Best Song: "Speak Now" from "One Night in Miami," holds the Oscar advantage, having been co-written by Best Supporting Actor nominee Leslie Odom Jr. as singer Sam Cooke. (Alert: the 11th annual Guild of Music Supervisors Awards cited "Hear My Voice" from "The Trial of the Chicago 7" as winner of the Best Film Song. We shall see.)
Best Score: Which will win? The score to "Mank" by Trent Reznor and Atticus Ross? Or the score to "Soul" by Trent Reznor and Atticus Ross plus Jon Batiste? With Stephen Colbert's favorite bandleader in the mix, "Soul" can't lose.
Best Documentary Feature: Traditionally, a socially heavy subject such as a woman fighting to release her husband from a 60-year prison sentence -- as in Amazon's "Time" -- would be an easy prediction. But a welcome, offbeat story about the friendship between a filmmaker and an octopus in the South Africa kelp forest? Give this Oscar to "My Octopus Teacher."
Best Original Screenplay: The Golden Globe went to Aaron Sorkin's "The Trial of the Chicago 7." But Variety, Critics Choice and the Writers Guild named Emerald Fennell the winner for "Promising Young Woman," a smart, horrifying feminist avenger thriller that inspires much more debate than Sorkin's work. It should win, although on an appeal, the verdict could go to "Trial."
Up for grabs
Best Adapted Screenplay: No clear runaway winner here, as the Writers Guild Award went to "Borat Subsequent Moviefilm," BAFTA chose "The Father" and two betting services (BetOnLine and Gold Derby Odds) give the Oscar to "Nomadland." When in doubt, go with the gamblers: "Nomadland" written by Chloe Zhao.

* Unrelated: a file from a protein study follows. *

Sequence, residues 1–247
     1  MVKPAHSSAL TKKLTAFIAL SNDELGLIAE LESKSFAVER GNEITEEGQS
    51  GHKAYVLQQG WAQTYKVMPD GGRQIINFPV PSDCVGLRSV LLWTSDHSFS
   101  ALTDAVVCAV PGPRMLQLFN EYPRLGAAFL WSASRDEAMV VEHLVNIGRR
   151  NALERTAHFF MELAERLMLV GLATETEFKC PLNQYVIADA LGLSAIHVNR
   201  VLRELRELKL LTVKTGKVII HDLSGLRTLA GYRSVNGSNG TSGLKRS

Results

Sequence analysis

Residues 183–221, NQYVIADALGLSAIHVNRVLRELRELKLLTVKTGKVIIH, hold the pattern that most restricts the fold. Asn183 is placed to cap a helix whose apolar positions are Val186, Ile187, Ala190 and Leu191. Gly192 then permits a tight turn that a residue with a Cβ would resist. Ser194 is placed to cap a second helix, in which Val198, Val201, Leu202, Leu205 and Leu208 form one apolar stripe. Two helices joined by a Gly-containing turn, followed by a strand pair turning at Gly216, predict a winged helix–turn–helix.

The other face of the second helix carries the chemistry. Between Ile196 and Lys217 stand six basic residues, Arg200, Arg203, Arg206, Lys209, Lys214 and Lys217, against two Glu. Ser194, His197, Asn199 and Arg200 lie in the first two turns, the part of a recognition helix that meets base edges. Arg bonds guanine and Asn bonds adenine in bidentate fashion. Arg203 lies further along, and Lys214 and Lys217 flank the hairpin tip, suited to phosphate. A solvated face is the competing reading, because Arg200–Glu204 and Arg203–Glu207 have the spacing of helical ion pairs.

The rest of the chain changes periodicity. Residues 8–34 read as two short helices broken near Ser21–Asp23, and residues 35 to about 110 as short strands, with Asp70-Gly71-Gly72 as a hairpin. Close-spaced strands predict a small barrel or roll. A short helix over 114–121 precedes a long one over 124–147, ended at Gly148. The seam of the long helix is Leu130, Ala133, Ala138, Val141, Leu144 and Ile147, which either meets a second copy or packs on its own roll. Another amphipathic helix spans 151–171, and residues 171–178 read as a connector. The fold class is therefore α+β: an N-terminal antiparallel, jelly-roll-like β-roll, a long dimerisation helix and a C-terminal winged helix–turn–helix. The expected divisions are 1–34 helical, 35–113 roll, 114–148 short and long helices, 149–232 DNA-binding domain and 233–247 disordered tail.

Best Documentary Short: Another tough call, but I will go with "A Concerto is a Conversation," about a young jazz musician and composer whose 91-year-old grandfather traces his life from his Jim Crow-era roots to a successful businessman. It just feels like a classic Academy Award winner, more so than the other nominees.
Best Actress: Arghh! This is the most difficult category to predict. Let's see now ... Variety gives the Oscar to Viola Davis, who won the SAG Award. The Golden Globes went with Andra Day ("The United States vs. Billie Holiday") in drama. Carey Mulligan picked up the Critics Choice Award for "Promising Young Woman." Then the BAFTA Award went to Frances McDormand for "Nomadland."
Both BetOnLine and Gold Derby oddsmakers name Mulligan the winner with Davis a close second.
I would personally go with Davis, but the last time the actor and actress Oscars went to the same movie happened way back in 1998, when Jack Nicholson and Helen Hunt both triumphed for "As Good As It Gets." Plus, their movie had a Best Picture nomination which "Ma Rainey" does not.
That leaves Mulligan in the catbird seat ... unless Andra Day stages the upset of the year with a stunning dark horse victory for her role as Billie Holiday. After all, Oscar voters love musical characters.
Nah. I'm going with Mulligan.